The History and the Artists behind  Video Game Box Art

All information on this site is through my own findings and is believed to be correct.  Any corrections, errors or admissions that need to be made, or artists that would like to be involved in BOX=ART, please feel free to contact me.


BOX=ART is a site dedicated to the history of video game box art/ cover art and the artists responsible.

Box art is profiled from a variety of angles using high quality scans, with the intention of acknowledging the men and women who have played such a major role in shaping our gaming experiences over the years.

Not only for gamers, BOX=ART is for all who enjoy quality artwork.

BOX=ART publisher


BOX=ART review

>Panzer Dragoon

BOX=ART artist

>Jun Suemi

Privacy Policy

Site map








North America




Quick menu

BOX=ART copyright ©2013 Adam Gidney. All rights reserved. Hosted by Dathorn.



Jun Suemi box art artist page| BOX=ART Panzer Dragoon box art review page| BOX=ART Box art from publisher Nintendo page| BOX=ART Top

Box art from publisher Avalon Hill page| BOX=ART

The Avalon Hill Game Co.

Early 80’s - Late 90’s

As one of the world’s earliest home computer publishers, The Avalon Hill Game Company (AH), famous for its board games, would help pioneer strategic ‘wargaming’ video games in the early 80’s with debut titles: Nukewar, North Atlantic Convoy Raider, B-1 Nuclear Bomber and Midway Campaign.With the success of the Atari VCS and the growing trend for home computers running game software,

>>> Go to Avalon Hill page HERE


Yoshitaka Amano box art artist page| BOX=ART


Yoshitaka Amano

>>> Master Japanese Illustrator, late 80’s - present.


VCS/ 2600

1977 - 1990

For what could be argued as the world’s first truly popular gaming machine, the Atari VCS (later named the 2600) would house many firsts in box art history. Debuting in 1977, the VCS immediately captured American imaginations with no small part accredited to its pioneering cover arts.  

Competition in the late 70’s was far from stiff compared to today’s crowded scene, but established machines such as

>>> Go to VCS/ 2600 page HERE

VCS/ 2600 box art page| BOX=ART

Mission Asteroid

Artist - Don Dixon

EU/ NA, 1980, Apple II

The lunar astronaut, alone, stares at the gamer, and us back at him at the dawn of adventure gaming.

Mission Asteroid would numerically start Sierra On-Line’s Hi-Res Adventure series offered as the introductory game #0.  Its box art by space artist Don Dixon would perfectly fit the gravity and loneliness of the

>>> Go to Mission Asteroid page HERE



Artist - Roger Dean

EU/ NA, 1986, Amiga

From the inspired mind of one of the UK’s great fantasy artists, Brataccas would help push the box art medium to new levels of excellence whilst ushering Europe into its cover art golden age.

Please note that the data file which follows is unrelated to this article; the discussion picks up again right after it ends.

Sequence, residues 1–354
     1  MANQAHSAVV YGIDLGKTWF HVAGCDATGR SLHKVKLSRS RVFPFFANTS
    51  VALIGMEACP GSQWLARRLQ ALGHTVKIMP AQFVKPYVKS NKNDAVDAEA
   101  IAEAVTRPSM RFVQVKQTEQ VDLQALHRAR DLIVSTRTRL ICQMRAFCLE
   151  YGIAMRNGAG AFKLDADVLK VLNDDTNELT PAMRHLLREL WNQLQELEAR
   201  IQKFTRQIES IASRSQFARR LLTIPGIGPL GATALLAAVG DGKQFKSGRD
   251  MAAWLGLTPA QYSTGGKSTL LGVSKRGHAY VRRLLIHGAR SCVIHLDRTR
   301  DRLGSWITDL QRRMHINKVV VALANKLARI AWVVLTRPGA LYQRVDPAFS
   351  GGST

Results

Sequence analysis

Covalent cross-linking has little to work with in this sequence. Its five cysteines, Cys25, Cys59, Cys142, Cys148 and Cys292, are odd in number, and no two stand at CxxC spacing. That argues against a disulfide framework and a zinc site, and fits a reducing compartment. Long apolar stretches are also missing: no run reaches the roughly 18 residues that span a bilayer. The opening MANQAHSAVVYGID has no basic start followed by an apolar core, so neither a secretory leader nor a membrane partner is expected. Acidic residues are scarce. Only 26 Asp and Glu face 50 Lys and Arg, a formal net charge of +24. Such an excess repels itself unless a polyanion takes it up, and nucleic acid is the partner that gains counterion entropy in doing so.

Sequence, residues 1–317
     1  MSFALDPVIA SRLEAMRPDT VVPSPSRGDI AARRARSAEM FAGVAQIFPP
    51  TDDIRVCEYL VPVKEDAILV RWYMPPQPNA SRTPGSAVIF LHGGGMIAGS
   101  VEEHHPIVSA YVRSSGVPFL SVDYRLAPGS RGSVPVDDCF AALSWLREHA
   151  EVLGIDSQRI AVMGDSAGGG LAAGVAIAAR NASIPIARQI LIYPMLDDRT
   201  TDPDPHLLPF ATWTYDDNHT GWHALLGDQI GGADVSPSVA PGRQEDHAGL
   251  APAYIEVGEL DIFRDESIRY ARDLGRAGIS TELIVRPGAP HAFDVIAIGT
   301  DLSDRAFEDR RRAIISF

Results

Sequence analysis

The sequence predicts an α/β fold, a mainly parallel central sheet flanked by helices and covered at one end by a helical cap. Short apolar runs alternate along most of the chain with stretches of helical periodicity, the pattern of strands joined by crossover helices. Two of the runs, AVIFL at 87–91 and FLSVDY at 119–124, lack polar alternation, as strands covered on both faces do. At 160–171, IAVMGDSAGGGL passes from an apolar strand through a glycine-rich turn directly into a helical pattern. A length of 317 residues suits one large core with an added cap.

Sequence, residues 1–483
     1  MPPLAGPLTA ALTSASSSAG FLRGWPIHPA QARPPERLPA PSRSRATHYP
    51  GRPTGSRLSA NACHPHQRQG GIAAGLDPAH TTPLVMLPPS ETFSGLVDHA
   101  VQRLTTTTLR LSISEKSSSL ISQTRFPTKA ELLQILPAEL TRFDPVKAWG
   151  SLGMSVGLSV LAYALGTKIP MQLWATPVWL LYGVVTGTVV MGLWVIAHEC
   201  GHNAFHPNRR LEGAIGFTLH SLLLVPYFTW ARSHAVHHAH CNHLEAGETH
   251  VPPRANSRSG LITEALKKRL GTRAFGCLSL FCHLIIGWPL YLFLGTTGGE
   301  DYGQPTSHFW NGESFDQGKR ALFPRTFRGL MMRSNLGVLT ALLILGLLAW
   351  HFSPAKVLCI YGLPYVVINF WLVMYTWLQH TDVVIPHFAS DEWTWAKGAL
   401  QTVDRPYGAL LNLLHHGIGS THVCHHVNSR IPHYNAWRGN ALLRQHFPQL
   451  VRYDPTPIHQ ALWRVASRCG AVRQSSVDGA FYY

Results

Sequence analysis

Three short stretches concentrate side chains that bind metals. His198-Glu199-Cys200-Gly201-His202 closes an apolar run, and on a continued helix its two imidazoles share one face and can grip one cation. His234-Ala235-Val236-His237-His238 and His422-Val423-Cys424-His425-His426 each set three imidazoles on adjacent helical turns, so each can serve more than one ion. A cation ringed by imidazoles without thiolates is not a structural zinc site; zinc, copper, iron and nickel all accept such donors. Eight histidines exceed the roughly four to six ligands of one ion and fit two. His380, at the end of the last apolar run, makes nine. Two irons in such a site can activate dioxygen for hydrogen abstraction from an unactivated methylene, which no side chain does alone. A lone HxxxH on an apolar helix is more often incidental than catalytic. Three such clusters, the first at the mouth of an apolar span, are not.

Before Brataccas, the quality of Europe’s box art output could be viewed as tentative.  Groundwork had been mad

>>> Go to Brataccas page HERE


Brataccas box art review page| BOX=ART Mission Asteroid box art review page| BOX=ART


Super Mario

1985 - Present

In Nintendo’s portly plumber, video gaming had its first global mega star.

The Famicom box art for 1985’s Super Mario Bros (SMB) would quickly establish and brand Mario’s characterisation, a look that has remained largely unchanged to this day.  Created by designer Shigeru Miyamoto, it would also introduce the Japanese to a chaotic, character-heavy style of

>>> Go to Super Mario page HERE

Super Mario series box art page| BOX=ART

Julie Bell box art artist page| BOX=ART


Julie Bell

>>> Exquisite American fantasy box artist, Early 90’s - Mid 00’s.

Tatsunoko vs Capcom

Artist - Shinkiro

Worldwide, 2010, Wii

Tatsunoko vs Capcom: Ultimate All-Stars would see one of Capcom’s elite in house artists, Shinkiro, pay homage to early ‘Vs’ game, Marvel vs Capcom: Clash of Super Heroes (1998).

It’s obvious inspiration with artist Bengus’ original has Capcom’s fighters set in an epic stare-off with

>>> Go to Tatsunoko vs Capcom page HERE



Artist - Bob Wakelin

EU/ NA, 1992, Amiga

Exuding Bob’s usual pastiche for bombastic 80’s film posters, Epic’s 1992 space odyssey would start with its cracking box art.

Its artistry and detail would elevate it above the myriad other classic Bob cover arts of that year, such as Parasol Stars, Space Gun and Wizkid, offering a

>>> Go to Epic page HERE


Tatsunoko vs Capcom box art review page| BOX=ART Epic box art review page| BOX=ART


Golden Axe

Late 80’s - Late 00’s

Hacking its way on to the arcade and Sega’s home console’s in 1989, the iconic Golden Axe series would go on to inspire countless video games throughout the 90’s. Paying obvious homage to Conan the Barbarian, box artist Yoshiaki Yoneshima would mimic western fantasy art made popular in the 70’s and 80’s for debut, Golden Axe (1989). 

>>> Go to Golden Axe page HERE

Golden Axe series box art page| BOX=ART


Illusion City

Artist - Yukio Kitta

Japanese, 1991, MSX

Eschewing the grime and broken cityscape this cyber punk adventure graphically enacts, Illusion City would start the illusion through its box art.

Designed by Yukio Kitta, the illustrator would take advantage of the Japan’s large home computer casings and provide a stunning, melancholic window into the

>>> Go to Illusion City page HERE

Computer Bismarck

Artist - Louis Hsu Saekow

North America, 1980, Apple II

A landmark title for North America’s home computer scene, Computer Bismarck would not only successfully launch publisher Strategic Simulations. Inc (SSI), but also artist Louis Hsu Saekow.

Wanting to compete with The Avalon Hill Gaming Co. and their newly formed computer game division

>>> Go to Computer Bismarck page HERE


Computer Bismarck box art review page| BOX=ART Illusion City box art review page| BOX=ART